A number of comrades argued that ‘one member, one vote’ would be an effective guard against any one group taking the project over. This is an illusion. The SA and Respect organised on that basis and were dominated by the SWP. And why not, in one sense? SWP comrades were the majority - and majorities, like minorities, should have rights. OMOV could not prevent an organisation like the SWP dominating LU - unless the new initiative implements a regime of bans and proscriptions from its inception. And down that road lies madness - and Arthur Scargill’s Socialist Labour Party.
We argued for an individual membership structure. But we also urged an honest, open and active engagement with the existing left. Surely, the massive task of building an alternative to the capitalist system requires the unity of as much talent, energy, experience and commitment as we can muster - cadre, in other words.
Unfortunately, our proposal to “invite political organisations that are interested in building left unity to send one observer each to the newly set up national coordination committee” was defeated, with only Workers Power, ACI and a few individuals supporting the amendment (the two SPEW members voted against it, while Nick Wrack abstained). The motion got a relatively decent 19 votes.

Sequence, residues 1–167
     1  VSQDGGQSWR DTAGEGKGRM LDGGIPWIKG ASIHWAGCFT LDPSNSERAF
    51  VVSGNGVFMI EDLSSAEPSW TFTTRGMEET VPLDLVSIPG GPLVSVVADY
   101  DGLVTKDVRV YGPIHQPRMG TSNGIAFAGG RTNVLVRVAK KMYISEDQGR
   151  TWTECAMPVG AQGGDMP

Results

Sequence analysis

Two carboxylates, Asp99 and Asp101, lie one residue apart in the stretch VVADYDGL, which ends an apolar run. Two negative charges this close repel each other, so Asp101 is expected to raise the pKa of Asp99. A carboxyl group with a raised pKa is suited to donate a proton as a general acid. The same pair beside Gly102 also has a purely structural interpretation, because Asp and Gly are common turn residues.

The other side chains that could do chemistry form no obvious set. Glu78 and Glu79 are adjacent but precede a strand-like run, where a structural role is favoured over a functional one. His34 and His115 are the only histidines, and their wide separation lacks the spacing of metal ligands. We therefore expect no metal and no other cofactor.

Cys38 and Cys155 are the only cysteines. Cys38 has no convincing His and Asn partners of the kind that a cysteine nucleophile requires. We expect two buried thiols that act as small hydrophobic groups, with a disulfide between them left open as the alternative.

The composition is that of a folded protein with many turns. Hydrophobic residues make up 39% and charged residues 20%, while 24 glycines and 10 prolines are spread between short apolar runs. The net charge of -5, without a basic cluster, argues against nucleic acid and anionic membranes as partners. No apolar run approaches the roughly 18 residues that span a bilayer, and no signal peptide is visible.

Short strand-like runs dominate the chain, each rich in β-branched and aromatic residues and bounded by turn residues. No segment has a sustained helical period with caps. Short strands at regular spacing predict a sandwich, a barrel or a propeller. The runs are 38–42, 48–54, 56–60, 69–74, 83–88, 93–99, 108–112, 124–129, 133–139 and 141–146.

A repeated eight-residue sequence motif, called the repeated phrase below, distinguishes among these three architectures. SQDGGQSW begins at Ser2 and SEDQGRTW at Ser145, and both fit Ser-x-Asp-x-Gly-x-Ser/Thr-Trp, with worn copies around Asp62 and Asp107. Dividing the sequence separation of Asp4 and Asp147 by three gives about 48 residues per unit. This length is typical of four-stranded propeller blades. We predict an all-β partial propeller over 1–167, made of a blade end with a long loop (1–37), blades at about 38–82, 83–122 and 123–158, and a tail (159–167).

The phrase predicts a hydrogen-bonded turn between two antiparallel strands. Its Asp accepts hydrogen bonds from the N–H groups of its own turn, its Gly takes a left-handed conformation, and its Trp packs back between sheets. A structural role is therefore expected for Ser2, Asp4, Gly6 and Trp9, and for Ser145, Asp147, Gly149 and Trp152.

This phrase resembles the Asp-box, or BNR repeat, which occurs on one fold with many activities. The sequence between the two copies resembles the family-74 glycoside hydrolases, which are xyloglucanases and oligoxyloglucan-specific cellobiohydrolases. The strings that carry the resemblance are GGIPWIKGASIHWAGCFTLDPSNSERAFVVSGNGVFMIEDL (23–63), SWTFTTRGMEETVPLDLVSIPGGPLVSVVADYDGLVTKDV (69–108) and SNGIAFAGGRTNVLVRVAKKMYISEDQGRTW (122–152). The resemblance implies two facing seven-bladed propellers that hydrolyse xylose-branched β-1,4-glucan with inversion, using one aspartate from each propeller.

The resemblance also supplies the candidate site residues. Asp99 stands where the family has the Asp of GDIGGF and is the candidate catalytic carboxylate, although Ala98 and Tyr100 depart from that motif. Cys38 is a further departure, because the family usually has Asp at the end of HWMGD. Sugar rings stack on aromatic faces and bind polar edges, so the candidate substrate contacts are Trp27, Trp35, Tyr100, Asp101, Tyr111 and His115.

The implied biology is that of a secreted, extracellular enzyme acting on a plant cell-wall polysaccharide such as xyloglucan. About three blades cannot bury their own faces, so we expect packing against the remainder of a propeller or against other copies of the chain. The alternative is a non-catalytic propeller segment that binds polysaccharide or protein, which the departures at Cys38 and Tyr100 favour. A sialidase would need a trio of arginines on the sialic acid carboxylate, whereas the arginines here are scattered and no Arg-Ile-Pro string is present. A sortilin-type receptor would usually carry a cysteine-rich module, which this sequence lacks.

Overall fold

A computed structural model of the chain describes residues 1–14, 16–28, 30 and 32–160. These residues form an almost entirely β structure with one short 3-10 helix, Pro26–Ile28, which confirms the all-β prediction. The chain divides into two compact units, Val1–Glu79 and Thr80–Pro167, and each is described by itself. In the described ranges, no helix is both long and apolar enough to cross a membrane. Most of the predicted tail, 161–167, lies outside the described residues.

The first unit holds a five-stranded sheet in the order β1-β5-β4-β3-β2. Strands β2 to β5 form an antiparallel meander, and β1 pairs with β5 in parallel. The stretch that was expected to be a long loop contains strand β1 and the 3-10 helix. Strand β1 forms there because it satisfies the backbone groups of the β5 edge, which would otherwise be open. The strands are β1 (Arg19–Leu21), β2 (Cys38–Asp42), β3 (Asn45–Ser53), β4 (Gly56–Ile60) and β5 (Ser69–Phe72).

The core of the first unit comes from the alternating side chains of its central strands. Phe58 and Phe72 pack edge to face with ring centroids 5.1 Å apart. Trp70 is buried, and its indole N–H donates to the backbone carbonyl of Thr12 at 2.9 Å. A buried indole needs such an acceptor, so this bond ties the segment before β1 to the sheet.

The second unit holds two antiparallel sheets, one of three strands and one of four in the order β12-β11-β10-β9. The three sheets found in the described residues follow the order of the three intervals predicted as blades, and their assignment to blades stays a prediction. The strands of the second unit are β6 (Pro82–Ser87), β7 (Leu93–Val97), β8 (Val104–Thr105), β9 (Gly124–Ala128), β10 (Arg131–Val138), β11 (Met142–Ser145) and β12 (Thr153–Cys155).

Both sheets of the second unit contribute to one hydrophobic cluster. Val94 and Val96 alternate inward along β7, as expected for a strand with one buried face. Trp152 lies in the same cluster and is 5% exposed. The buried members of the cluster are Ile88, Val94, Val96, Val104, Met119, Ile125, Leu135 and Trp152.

Workers Power also pushed for political organisations to be allowed to affiliate, though it did not concretise this in a motion and no-one seemed to support the idea anyway. One of the SPEW members bravely called for a federal structure. I spoke to the comrade later and it became clear that he had not been sent there by his organisation, but just happened to be involved in LU locally and thought a federal structure would be “a good idea”. Needless to say, his suggestion went down like a lead balloon.
Kate Hudson’s statement was intended to “clarify our politics”. Undoubtedly, there is a real need for this. Apart from Ken Loach’s short appeal, LU has nothing approaching a political platform. Comrade Hudson’s statement clarified little, unfortunately. Or, as comrade Carmen from Manchester put it, “I like the fact that the statement is so broad. Everybody can interpret it any way they like.” Which is actually a problem, rather than a strength.
Despite its vacuous nature, the statement sparked controversy even in the non-elected interim committee. Without the time to thrash things out, the committee nonetheless decided to circulate it to members and local groups for discussion. Most LU signatories did not see it before Wednesday May 8 - three days before conference. So there was no time to discuss it in any detail (or at all). A few groups managed it and 20-odd amendments from a handful of them had been sent in, but these were only distributed on the morning of conference.